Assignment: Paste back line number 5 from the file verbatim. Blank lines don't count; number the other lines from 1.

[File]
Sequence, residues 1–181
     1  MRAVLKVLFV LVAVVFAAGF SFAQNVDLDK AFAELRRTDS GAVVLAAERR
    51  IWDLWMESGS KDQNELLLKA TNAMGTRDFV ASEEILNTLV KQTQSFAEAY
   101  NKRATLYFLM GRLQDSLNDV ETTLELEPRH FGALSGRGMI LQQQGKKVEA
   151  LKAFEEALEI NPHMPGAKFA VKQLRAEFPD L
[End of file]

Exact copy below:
   151  LKAFEEALEI NPHMPGAKFA VKQLRAEFPD L